Cameron plan to log ministerial meetings with journalists

Prime Minister David Cameron has outlined details of the upcoming inquiry into phone-hacking and media standards, including the appointment of one of the UK’s most senior judges Lord Justice Leveson to oversee it.

The inquiry will be split into two parts and established under the 2005 Inquiries Act – giving it the power to summon journalists, politicians, and proprietors under oath.

The first part will look at areas including the culture, practices and ethics of journalism; the relationship between the politicians and the press; the failure of the current system of press regulation; why previous warnings about the national press went unheeded; and cross-media ownership.

The first part of the inquiry is expected to report back within 12 months.

The second part will look into allegations of unlawful conduct at the News of the World and other newspapers; the original police investigation into phone-hacking at the NoW; allegations police corruption; and the wider relationship between police and the press.

Lord Justice Leveson will be assisted by a panel including senior figures from the world of the the press, broadcasting, regulation and the Government, and will report to the Home Secretary and the Secretary for Culture, Media and Sport.

Cameron also announced he was consulting with the Cabinet Secretary on amending the Ministerial Code so that ministerial meetings with journalists would have to be recorded.

On the subject of press regulation, Cameron said he preferred the term ‘independent regulation’to “self-regulation”, because the latter had ‘got rather a bad name of late”.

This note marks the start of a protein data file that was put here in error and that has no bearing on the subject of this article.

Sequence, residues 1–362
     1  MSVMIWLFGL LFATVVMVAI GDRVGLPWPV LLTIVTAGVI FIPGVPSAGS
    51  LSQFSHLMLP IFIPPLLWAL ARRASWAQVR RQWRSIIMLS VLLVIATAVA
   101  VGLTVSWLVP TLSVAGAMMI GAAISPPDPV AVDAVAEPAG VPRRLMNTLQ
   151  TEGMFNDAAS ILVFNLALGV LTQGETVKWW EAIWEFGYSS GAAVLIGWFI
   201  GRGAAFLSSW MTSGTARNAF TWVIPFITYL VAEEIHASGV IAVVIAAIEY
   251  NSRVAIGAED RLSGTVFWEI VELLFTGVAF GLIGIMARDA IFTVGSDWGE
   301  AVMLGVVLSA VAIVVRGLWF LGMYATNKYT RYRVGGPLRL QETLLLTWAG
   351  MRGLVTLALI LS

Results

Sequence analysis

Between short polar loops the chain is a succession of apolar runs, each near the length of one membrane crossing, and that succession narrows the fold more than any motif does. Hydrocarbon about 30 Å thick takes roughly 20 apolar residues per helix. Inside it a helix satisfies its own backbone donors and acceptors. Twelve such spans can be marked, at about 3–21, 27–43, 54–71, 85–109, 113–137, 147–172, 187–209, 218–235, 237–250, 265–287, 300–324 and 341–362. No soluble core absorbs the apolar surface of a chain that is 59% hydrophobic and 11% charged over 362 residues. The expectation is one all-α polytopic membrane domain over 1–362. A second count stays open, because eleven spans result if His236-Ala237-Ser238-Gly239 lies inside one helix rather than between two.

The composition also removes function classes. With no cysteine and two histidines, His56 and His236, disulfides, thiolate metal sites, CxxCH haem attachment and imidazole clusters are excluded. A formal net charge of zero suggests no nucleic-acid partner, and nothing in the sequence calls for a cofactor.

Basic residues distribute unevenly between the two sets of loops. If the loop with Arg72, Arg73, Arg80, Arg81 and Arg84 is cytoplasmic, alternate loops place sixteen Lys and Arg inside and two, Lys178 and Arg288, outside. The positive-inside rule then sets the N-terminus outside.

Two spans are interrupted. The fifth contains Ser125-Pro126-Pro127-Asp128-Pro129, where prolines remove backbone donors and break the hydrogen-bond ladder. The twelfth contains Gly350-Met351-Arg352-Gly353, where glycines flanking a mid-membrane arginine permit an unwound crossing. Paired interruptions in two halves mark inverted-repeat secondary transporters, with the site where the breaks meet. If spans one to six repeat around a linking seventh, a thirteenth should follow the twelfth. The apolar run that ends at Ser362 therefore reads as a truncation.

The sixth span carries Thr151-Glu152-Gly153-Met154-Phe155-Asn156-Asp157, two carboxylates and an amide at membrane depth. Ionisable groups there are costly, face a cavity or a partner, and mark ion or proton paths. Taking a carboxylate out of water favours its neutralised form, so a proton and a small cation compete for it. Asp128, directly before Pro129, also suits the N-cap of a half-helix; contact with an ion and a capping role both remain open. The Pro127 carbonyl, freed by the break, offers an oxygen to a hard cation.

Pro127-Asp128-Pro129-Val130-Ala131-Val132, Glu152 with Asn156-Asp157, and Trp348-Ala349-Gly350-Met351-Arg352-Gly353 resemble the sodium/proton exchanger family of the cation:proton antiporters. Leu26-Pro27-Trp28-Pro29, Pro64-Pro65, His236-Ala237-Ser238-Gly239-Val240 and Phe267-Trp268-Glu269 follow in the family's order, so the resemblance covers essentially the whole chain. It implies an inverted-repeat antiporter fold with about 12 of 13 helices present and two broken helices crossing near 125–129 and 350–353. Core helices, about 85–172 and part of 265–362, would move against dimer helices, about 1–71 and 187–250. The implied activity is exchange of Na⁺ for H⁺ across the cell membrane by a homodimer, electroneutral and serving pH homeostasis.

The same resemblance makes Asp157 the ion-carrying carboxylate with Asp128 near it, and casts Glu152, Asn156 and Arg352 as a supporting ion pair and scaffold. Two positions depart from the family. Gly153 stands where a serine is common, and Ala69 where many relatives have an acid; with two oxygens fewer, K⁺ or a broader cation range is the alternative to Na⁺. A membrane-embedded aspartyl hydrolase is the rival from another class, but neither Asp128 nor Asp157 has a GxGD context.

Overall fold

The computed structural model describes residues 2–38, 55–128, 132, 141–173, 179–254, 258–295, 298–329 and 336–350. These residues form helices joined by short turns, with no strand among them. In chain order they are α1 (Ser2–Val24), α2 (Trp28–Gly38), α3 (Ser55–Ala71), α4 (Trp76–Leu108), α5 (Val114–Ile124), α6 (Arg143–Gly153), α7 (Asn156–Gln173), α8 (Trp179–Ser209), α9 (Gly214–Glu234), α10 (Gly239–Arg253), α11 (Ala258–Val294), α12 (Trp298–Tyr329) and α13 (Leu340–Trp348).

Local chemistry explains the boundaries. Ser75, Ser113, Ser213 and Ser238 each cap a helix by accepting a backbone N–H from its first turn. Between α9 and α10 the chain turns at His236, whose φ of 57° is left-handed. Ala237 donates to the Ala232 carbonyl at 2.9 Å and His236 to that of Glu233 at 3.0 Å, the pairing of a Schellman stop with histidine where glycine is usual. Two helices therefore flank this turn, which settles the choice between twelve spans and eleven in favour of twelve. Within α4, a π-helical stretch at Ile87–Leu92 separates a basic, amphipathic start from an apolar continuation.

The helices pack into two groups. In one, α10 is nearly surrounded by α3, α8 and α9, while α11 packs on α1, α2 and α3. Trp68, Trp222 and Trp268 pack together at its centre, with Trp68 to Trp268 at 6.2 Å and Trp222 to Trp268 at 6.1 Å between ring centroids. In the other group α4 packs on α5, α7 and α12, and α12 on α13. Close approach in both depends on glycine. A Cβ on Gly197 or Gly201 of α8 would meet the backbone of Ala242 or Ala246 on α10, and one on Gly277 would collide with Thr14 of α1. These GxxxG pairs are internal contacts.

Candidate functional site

Cameron said he wanted ‘not just a free press but a free and vigorous press”.

UPDATE 13/7/11 5.07pm

The PCC Press Complaints Commission has issued the following statement in response to Cameron’s announcement

“The Press Complaints Commission today welcomes the announcement of the terms of the inquiry into media ethics.

“Last week, the Commission issued a statement making clear its intention to review its own constitution and funding arrangements, the range of sanctions available to it, and its practical independence.

“This will become a key contribution to the inquiry. Like the Prime Minister, the PCC remains committed to the establishment of a more effective system, one that supports appropriate freedoms, but demands the highest ethical standards. The PCC, and its independent members (who are in the majority), has led the call for appropriate reform. We welcome the consensus of Parliament that the model of regulation for the press should continue to be a non-statutory one.

“The idea of reformed media practices is one that is supported by the PCC, and must be supported by the industry itself.

“It has been striking that the volume of complaints and contact from members of the public to the PCC has been undiminished by events of recent days. This bears witness to the fact that the necessary work of the Commission, through its dedicated staff, is accepted as valuable. This is a public service that must go on during the inquiry, or members of the public will suffer.”

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